As the Memorial Day weekend looms, Americans across the nation are eagerly preparing for a much-needed vacation. Amidst the buzz of anticipation, air travel is expected to return to pre-pandemic levels — and crowded terminals and potential flight delays are on every traveler's mind.
Friday is expected to be the busiest day of the long weekend, with approximately 2.6 million passengers. As we all scramble to finalize our plans, the Transportation Security Administration (TSA) is also preparing for the high influx of passengers. But how can travelers efficiently navigate these bustling terminals?
The agency recommends planning your journey to the airport in advance. Take into consideration all necessary steps - parking or returning your rental car, checking in your bags, and, of course, the security lines. During peak times, these processes may be time-consuming.
TSA offers a helpful tip: save time by transferring items from your pockets into your carry-on bag, instead of directly into the bins, which takes longer to screen. Furthermore, it's crucial to be aware of the items you're allowed to carry on the plane. Familiarize yourself with TSA's rules for liquids and their travel size to prevent any potential hold-ups at security checkpoints. Not understanding these rules could lead to significant delays for yourself and others.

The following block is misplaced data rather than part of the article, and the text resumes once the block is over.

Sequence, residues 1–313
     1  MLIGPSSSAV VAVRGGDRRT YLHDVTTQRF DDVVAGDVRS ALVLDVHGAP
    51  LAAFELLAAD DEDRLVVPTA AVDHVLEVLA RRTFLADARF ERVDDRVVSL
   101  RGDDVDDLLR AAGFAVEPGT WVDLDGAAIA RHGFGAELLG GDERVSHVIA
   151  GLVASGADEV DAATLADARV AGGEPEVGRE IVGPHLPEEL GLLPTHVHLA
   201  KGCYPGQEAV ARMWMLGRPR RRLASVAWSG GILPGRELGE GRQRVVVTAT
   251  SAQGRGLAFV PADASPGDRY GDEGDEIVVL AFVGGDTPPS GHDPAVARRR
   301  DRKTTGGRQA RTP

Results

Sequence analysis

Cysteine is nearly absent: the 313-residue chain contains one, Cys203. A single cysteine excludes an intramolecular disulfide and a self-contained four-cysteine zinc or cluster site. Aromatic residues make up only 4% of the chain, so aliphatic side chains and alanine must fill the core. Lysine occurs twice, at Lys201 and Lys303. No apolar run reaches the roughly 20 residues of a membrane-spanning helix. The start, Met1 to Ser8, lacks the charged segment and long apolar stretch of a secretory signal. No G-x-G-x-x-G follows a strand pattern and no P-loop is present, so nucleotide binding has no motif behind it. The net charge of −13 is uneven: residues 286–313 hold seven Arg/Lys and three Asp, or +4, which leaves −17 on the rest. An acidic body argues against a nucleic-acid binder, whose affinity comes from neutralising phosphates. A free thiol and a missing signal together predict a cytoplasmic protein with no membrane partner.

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In addition, TSA recently announced a significant change benefiting teenagers. Now, teenagers aged 13 to 17 can use TSA PreCheck if their parent or guardian is enrolled in the program. This arrangement applies when they're traveling on the same reservation, and if the TSA PreCheck indicator is on the teen's boarding pass.
"It’s a really important change if you have a teenager, you're a PreCheck member, your teenager can travel with you through PreCheck and just double check to make sure that the PreCheck or symbol is on their boarding pass electronic or paper," said TSA Administrator David Pekoske.
Children aged 12 and under can continue to use the TSA PreCheck without restrictions if their parent or guardian is a part of the program.
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TSA is also rolling out new technology across U.S. airports. This will enable the verification of a passenger's ID and flight details without the need for a boarding pass. The system involves a camera taking real-time photos and comparing them with the ID photo to confirm the person's identity. Passengers have the option to opt out of this facial matching process. TSA says those changes will help get passengers from the ticket counter to their gate a lot faster.